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The mag shanks I currently have are the exact ones you just posted.
The problem I see with them is the play in the hole of the rim. There’s a good bit of slop in there.
The Toyota mags, part no. 73138t are suppose to be a more direct fit. The shank diameter is .725, but the shank length measures .55 from the base of the washer.
What’s more important, the slop in the hole or the length of the shank?
 

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The mag shanks I currently have are the exact ones you just posted.
The problem I see with them is the play in the hole of the rim. There’s a good bit of slop in there.
The Toyota mags, part no. 73138t are suppose to be a more direct fit. The shank diameter is .725, but the shank length measures .55 from the base of the washer.
What’s more important, the slop in the hole or the length of the shank?
If the center bore is correct (70.3mm was what the factory wheels had), then any "slop" at the lug will just be the wheel turning on the hub slightly. That shouldn't matter, and once the lug nuts are fully tightened, there won't be any play. If that's the situation, I'd go with the lugs you have, or the ones I posted. Note that some S10s have 70.5mm hubs, and need a slightly larger center bore on one axle.

If the center bore is larger than 70.3mm (aftermarket wheels are typically over 75mm center bores so they fit more cars, some are over 100mm), then you really should install nylon or aluminum hub centering rings that fit the center bore of the wheels exactly and match your S10 hubs exactly (70.3mm and/or 70.5mm). With the proper centering rings, the "slop" at the lug holes will not matter either.

I would never run mag style lugs and expect them to center the wheel properly That's just asking for trouble. If you're going to try that, get the ones that are as snug as possible in the lug hole bores. Truthfully, to be "snug enough" to properly center the wheel, there's going to be a friction issue with tightening them properly, and that will cause other more serious problems, so I'd really try to get to a truly hub centric setup (with whatever adapters you need to get to that point).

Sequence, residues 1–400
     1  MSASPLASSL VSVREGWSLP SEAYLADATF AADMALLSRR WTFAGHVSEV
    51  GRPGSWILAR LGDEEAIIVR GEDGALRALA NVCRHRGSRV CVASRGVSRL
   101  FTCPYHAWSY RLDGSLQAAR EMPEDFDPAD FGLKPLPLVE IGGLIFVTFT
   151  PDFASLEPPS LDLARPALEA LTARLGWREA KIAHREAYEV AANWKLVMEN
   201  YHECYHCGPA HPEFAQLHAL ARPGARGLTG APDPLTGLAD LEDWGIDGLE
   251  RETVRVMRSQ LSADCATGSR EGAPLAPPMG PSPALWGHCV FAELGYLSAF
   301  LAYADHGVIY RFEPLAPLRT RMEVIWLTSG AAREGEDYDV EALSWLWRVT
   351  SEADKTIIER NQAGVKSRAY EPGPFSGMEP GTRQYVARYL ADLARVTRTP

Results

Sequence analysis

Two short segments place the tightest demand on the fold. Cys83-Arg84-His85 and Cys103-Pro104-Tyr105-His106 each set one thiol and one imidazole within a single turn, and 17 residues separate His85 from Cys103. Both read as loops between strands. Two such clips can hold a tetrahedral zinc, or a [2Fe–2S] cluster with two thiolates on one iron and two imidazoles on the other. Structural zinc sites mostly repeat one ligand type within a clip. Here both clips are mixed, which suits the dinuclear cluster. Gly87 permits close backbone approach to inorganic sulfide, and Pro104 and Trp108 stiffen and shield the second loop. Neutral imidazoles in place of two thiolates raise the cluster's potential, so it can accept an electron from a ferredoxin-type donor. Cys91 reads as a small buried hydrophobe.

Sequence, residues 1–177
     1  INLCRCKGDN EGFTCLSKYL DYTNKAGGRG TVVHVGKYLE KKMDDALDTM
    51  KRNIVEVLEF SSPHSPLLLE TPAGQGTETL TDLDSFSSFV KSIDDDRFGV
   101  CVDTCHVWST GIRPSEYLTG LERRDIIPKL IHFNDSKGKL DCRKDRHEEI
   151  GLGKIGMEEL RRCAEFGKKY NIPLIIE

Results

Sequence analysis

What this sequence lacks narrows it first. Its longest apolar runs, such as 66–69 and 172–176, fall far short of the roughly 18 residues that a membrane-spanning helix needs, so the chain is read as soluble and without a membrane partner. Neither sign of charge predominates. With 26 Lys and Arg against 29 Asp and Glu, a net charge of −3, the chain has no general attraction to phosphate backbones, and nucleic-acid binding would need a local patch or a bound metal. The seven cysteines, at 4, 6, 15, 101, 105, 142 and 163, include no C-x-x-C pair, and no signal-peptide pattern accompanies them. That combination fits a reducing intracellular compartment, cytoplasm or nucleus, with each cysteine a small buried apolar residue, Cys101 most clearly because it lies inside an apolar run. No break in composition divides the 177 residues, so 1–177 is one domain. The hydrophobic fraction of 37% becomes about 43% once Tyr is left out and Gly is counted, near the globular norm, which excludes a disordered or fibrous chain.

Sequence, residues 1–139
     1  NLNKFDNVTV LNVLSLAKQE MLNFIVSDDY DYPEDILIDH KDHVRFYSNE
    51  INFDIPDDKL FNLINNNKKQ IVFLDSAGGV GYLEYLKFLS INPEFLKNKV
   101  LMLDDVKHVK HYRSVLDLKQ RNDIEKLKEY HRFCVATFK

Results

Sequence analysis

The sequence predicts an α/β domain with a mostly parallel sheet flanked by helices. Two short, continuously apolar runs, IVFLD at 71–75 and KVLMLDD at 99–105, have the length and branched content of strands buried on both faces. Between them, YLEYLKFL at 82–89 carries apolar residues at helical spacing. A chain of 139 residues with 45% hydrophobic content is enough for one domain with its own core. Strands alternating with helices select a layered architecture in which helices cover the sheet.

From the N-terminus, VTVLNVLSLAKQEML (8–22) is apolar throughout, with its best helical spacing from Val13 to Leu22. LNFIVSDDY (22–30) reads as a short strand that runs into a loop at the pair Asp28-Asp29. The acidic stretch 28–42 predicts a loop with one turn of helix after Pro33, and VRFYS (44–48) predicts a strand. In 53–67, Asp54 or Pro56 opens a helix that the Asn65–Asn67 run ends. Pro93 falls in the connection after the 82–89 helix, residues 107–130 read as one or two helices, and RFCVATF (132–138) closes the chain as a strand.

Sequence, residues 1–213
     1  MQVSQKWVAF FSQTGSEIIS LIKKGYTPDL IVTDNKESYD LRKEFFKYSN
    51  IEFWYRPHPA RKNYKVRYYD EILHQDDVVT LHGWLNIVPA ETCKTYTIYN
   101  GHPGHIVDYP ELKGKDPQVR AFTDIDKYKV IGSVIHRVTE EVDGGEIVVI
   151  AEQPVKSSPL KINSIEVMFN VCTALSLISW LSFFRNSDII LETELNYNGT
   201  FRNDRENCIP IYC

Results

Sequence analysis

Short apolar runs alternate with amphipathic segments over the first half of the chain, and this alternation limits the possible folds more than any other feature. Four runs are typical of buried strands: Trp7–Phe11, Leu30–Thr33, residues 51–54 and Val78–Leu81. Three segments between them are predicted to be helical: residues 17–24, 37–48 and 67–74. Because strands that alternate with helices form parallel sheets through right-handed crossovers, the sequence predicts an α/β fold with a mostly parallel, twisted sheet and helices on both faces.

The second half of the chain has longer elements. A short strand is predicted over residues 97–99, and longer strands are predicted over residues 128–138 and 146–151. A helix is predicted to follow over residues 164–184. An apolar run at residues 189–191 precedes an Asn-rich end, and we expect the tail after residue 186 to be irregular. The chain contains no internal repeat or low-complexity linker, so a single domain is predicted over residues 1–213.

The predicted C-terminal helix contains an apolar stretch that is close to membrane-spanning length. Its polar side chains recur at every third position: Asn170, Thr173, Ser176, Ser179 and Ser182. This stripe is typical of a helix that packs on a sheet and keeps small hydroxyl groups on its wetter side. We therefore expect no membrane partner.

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If the center bore is correct (70.3mm was what the factory wheels had), then any "slop" at the lug will just be the wheel turning on the hub slightly. That shouldn't matter, and once the lug nuts are fully tightened, there won't be any play. If that's the situation, I'd go with the lugs you have, or the ones I posted. Note that some S10s have 70.5mm hubs, and need a slightly larger center bore on one axle.

If the center bore is larger than 70.3mm (aftermarket wheels are typically over 75mm center bores so they fit more cars, some are over 100mm), then you really should install nylon or aluminum hub centering rings that fit the center bore of the wheels exactly and match your S10 hubs exactly (70.3mm and/or 70.5mm). With the proper centering rings, the "slop" at the lug holes will not matter either.

I would never run mag style lugs and expect them to center the wheel properly That's just asking for trouble. If you're going to try that, get the ones that are as snug as possible in the lug hole bores. Truthfully, to be "snug enough" to properly center the wheel, there's going to be a friction issue with tightening them properly, and that will cause other more serious problems, so I'd really try to get to a truly hub centric setup (with whatever adapters you need to get to that point).
So with what I gathered from this, is if my corvette wheels have the factory center bore of 70.3, they should work on my S-10 that has a 70.5 with the lug nuts that you have provided a picture of.
 

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Note that some S10s have 70.5mm hubs, and need a slightly larger center bore on one axle.